Try to hold your breath as long as you can. How’d you go? 1 minute, 2? Pathetic. You’ve a long way to go, sport.
The record for static apnea, also known as holding one’s breath, currently stands at a casual 11 minutes 54 seconds, and is held by Serbian Branko Petrović, who is also a suspected seahorse on his days off. Static apnea does not allow for the use of oxygen in preparation, whereas the Guinness World Record for breath holding does – which is why that particular record is a whopping 24 minutes and 3 seconds, held by Spaniard Aleix Segura.
It’s often assumed that our ability to hold our breath, along with our hairlessness and subcutaneous fat, is a throwback to an aquatic phase of development, but the “aquatic ape theory” doesn’t hold enough evidence. However, we do have the “mammalian dive reflex”, which is triggered by cold water touching your face – and responds by lowering your heart rate, which is why breath holding is far more successful in water. The way in which people manage to hold their breath for these lengths of time is pretty simple – the less oxygen you can use, the more time you can hold your breath, and breathing pure oxygen for a while directly before an attempt is the way it’s done.
Magician David Blaine, who broke the Guinness World Record back in 2008, described his rigorous preparation for the stunt in a TEDMED talk. He had to drop thirty pounds of body weight and increase muscle training in order to eliminate body fat and get his resting heart rate as low as possible, while training every day to hold his breath. He spent 48 minutes out of 55 holding his breath every morning, by alternating one minute of purging with 5.5 minutes of breath holding. Purging is the art of removing as much CO2 from your respiratory system as possible – pretty much just hyperventilating. When you hold your breath, the CO2 that you would otherwise be exhaling instead accumulates and makes your blood acidic, which is why we get to that break point where we feel like our lungs will burst if we don’t breathe.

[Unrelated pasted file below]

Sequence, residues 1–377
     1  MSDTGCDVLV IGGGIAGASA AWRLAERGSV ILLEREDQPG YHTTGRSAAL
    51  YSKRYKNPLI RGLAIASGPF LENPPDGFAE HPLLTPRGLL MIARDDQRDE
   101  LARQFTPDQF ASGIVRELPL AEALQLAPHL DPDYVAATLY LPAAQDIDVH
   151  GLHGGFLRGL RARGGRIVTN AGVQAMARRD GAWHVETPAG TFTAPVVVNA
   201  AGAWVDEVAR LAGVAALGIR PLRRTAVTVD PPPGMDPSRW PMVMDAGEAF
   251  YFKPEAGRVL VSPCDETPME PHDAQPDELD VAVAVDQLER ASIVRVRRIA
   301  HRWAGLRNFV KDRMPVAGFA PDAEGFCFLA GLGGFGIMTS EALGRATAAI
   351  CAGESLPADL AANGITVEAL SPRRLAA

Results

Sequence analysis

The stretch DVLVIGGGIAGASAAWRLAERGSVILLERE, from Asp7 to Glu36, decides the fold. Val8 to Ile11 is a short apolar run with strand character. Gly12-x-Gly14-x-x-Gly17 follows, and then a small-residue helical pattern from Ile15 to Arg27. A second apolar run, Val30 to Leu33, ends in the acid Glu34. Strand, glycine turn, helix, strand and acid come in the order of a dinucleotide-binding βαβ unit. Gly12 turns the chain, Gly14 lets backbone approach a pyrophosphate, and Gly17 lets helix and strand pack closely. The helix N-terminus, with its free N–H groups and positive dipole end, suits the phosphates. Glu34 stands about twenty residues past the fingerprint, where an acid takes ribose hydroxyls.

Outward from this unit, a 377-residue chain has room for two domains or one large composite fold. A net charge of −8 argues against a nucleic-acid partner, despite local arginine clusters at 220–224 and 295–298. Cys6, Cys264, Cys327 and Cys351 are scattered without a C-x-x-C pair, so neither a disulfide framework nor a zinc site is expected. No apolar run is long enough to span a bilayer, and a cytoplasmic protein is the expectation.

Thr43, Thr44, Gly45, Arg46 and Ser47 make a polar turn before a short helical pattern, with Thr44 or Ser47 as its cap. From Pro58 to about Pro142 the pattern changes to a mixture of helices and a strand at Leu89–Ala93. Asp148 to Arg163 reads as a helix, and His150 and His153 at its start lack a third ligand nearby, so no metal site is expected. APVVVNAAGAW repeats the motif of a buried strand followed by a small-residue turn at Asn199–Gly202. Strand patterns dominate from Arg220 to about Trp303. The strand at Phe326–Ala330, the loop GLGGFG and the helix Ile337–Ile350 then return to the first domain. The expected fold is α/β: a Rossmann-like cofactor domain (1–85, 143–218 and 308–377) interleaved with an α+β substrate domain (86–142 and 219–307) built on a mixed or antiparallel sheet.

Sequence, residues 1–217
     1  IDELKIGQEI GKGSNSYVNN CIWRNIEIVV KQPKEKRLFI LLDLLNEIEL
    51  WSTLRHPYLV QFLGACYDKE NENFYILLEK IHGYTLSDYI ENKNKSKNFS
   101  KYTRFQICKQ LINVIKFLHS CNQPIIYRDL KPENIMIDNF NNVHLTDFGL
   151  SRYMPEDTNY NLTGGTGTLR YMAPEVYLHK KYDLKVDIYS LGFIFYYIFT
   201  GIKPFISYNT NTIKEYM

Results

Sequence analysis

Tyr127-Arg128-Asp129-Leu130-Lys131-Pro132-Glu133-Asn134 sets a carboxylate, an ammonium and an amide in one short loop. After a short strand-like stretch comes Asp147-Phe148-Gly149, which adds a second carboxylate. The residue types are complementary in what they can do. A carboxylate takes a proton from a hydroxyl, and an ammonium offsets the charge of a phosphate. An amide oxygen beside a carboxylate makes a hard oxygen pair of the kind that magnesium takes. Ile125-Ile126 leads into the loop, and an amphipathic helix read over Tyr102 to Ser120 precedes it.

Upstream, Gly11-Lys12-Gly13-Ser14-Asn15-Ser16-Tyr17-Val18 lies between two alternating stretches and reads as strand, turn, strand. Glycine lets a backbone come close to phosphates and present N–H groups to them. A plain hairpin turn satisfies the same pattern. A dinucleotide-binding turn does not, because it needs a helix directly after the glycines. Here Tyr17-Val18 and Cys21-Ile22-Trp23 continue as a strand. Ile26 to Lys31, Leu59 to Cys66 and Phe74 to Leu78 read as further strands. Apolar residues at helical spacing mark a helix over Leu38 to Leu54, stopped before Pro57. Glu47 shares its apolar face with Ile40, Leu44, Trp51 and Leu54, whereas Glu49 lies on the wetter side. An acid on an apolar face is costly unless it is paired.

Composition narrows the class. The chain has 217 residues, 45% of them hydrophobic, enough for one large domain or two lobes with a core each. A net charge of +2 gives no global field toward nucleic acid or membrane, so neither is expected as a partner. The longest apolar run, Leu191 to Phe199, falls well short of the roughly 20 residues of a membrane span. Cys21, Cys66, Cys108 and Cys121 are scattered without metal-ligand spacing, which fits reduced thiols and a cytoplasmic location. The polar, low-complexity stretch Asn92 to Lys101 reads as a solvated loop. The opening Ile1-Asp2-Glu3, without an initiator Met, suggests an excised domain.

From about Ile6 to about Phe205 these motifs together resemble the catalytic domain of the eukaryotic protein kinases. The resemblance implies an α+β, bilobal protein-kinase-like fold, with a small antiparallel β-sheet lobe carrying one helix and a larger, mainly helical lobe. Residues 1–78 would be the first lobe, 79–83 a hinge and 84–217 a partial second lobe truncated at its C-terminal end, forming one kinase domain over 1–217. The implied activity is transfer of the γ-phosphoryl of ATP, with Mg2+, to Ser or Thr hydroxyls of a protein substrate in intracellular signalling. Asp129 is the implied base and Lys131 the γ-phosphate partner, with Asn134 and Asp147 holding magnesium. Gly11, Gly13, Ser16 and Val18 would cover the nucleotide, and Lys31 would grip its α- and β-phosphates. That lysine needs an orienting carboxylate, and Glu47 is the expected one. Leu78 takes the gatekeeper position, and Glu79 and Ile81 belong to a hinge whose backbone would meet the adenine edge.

Blaine refrained from eating before the attempt, to slow down his metabolism, and he managed to get his resting heart rate down to an incredible 38 bpm, dropping it as low as 12 bpm while holding his breath. He also slept in a hypoxic tent every night, which simulates an altitude of 15, 000 feet (pretty much Everest base camp) in order to build red blood cells in the body to assist in carrying oxygen further.
All of this, combined with breathing pure oxygen before the feat, was what won him his record on Oprah, and he now probably lives underwater somewhere, thankful that he never got brain damage from his feat.
Chelle Fitzgerald is a geology student and science writer living in Dunedin, New Zealand. She loves Jurassic Park and red wine.
This article was originally published by Critic te Arohi, the University of Otago’s student magazine.